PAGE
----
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Virtual Reality

Virtual reality is not so much technology as experiences that can generate

The technology is not as relevant for consumers: they want to live the experience offered by virtual reality. The main protagonist of the MWC, which is being held now in Barcelona and is the great event par excellence of the technology industry and telecommunications, is still the virtual reality.

Big brands have launched a career of presentations and do little more than introduce new opportunities and new services in the context of virtual reality. But virtual reality is not present only Mobile through presentations, actually it has a much broader presence and has managed to be a much more complex way that shows that its potential goes far beyond just a few pitches to go putting things in context. 

Virtual Reality

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Marks the being used in events (there is the possibly going to become one of the iconic pictures of this edition, with Mark Zuckerberg advancing amid an audience of people with virtual reality helmets posts) and are becoming one of the key points of their presentations.

What that tells us about all this?

Like many of the forecasts pointed to 2016, virtual reality is called to stop being a curiosity and is destined to become a key element in leisure, access to information or the relationship between brands and consumers in the immediate future. Virtual reality has ceased to be a sort of out of science fiction films and has become one more part of the strategy of brands to connect with consumers, at least with hints of being in the near future element.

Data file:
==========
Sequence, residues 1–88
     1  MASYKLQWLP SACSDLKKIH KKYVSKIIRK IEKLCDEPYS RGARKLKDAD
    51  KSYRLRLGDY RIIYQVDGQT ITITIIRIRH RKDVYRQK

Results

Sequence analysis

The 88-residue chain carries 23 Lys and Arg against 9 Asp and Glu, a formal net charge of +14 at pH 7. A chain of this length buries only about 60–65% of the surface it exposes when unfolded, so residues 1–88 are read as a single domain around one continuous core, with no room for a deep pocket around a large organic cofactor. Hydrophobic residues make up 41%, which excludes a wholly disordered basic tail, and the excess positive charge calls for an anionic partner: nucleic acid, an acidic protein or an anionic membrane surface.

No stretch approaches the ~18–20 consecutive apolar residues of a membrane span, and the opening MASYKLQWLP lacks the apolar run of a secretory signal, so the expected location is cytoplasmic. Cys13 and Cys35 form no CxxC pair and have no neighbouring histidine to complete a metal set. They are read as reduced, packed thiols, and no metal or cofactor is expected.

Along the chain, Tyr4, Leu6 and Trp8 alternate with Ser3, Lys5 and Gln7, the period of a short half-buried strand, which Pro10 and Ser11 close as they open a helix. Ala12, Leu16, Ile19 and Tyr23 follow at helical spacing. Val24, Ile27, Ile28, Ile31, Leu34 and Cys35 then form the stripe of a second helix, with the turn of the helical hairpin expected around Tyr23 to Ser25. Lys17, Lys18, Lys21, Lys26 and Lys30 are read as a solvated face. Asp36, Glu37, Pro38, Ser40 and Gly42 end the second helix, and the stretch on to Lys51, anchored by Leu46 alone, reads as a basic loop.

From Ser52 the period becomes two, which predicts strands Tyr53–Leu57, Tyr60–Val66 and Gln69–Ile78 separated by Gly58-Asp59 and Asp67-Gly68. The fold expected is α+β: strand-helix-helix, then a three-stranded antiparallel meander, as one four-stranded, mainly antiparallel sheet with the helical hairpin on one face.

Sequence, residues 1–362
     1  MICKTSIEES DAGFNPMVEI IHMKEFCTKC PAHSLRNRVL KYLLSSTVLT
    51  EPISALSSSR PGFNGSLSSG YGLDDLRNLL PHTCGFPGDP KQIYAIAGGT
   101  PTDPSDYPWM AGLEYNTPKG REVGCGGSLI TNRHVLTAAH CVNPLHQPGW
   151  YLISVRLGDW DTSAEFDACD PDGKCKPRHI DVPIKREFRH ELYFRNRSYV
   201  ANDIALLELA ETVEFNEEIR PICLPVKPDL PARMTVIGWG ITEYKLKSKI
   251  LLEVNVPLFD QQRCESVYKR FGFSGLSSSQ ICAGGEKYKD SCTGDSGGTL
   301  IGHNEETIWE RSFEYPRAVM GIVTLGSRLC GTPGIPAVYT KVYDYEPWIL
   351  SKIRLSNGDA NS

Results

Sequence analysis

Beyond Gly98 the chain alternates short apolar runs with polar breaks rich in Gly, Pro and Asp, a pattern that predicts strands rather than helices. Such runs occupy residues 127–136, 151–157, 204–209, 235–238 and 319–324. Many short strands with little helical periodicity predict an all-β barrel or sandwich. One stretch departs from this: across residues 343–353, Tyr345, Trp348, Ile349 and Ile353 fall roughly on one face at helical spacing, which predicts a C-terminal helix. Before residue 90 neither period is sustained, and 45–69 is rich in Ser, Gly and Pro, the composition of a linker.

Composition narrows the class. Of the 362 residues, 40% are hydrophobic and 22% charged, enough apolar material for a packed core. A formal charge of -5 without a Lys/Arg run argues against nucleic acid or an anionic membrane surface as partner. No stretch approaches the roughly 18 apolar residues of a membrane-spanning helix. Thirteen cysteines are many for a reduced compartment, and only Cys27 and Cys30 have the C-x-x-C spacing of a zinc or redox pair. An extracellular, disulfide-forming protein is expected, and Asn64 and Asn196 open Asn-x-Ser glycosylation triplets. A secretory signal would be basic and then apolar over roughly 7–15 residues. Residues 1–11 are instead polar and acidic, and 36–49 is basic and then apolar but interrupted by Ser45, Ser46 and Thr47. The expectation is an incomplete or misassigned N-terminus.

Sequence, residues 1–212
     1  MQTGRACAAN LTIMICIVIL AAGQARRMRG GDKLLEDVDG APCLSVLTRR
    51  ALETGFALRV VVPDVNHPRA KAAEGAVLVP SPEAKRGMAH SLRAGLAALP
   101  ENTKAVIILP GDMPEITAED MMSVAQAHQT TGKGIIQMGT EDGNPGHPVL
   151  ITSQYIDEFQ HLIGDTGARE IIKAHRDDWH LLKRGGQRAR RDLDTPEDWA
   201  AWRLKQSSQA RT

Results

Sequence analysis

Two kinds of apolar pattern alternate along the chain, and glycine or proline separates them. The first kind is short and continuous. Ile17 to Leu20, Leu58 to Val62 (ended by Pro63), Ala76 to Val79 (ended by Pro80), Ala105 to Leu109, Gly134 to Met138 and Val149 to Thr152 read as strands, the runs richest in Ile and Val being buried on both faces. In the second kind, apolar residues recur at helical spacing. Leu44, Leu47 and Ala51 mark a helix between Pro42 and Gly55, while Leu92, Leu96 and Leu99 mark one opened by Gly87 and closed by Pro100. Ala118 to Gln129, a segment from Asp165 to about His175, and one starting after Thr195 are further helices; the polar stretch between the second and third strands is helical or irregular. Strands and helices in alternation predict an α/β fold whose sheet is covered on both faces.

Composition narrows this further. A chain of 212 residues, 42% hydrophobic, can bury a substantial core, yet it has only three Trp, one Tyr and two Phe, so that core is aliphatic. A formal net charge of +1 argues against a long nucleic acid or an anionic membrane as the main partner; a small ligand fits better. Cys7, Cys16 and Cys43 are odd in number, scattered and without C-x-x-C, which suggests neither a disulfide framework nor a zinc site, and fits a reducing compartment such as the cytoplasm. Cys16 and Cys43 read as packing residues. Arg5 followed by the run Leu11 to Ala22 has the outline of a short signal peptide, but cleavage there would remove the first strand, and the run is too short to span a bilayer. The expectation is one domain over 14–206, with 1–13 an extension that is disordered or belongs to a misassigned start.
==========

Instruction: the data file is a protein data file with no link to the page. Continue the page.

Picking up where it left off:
Virtual reality is here, just around the corner and it is time to refine the strategy to position itself in this field. However, what exactly what users expect virtual reality and what brands have to keep in mind when creating their strategies?

Despite what you might think, now for the most important consumer of virtual reality is not technology. What interest him are the experiences derived from it.

A study has focused on studying what kind of items would be interested consumers. As collects eMarketer, from a study of Future source Consulting, showing consumers are interested in testing virtual reality. They want to ‘play’ is not so much the technology but rather allowing see and feel. They want the resulting experiences and the opportunity of viewing the contents using these tools.

Entertainment and content

What you are more interested in the experience of virtual reality? The truth is that consumers do not want access to new content but rather to existing content differently. 39% of respondents (the sample binds to consumers in different European countries and US consumers) are interested in the option of watching movies using virtual reality. The film is the big winner, but is followed closely by the games. 38% of respondents are interested in using the experience of playing virtual reality.

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The following options are positioned as the most desired by potential users of virtual reality they are also in the entertainment area. 27% want to access music videos or television content and 26% would be interested in accessing sports content using virtual reality.

Finally, virtual reality could also have educational and training applications and potential consumers of these services also include these areas in the account of the things they like to do. 26% say they would be interested in accessing educational content through virtual reality.

It is not only a matter of millennials

Brands must not only take into account that consumers are more interested in the experiences that technology must also be aware of another fact. Companies should not be swayed by their prejudices about who consume technology; because the interest in virtual reality goes far beyond what could be the logical answer to that question. Not only are the millennials who are interested in it and studies show that the interest this technology and experience derived wake encompasses many more population groups.

This was demonstrated by a study of Greenlight VR and Touchstone Research. Those who were more interested in virtual reality were younger Internet users. 79% of the members of the Z (10-17 years old) Generation showed interest in this issue, but, although they earned, figures for the following demographic groups were not so far apart. In the millennials, was 73% the percentage of stakeholders; 70% that was achieved was in the Generation X and 64% among baby boomers. Virtual reality therefore has an appeal that goes far beyond generational issues.

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